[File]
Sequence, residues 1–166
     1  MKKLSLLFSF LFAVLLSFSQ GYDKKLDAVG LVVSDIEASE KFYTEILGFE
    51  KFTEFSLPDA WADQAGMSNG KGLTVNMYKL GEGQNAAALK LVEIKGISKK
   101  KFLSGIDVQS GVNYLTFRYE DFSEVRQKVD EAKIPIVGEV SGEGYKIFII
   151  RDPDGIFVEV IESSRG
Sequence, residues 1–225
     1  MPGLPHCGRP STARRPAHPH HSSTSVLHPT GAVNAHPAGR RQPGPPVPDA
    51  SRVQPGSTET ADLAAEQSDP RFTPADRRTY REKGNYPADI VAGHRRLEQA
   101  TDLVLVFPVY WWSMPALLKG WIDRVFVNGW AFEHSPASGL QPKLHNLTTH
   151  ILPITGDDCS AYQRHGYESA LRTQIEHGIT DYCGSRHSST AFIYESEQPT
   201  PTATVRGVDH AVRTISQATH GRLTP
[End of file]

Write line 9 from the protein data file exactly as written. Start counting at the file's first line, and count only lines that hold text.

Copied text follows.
   101  TDLVLVFPVY WWSMPALLKG WIDRVFVNGW AFEHSPASGL QPKLHNLTTH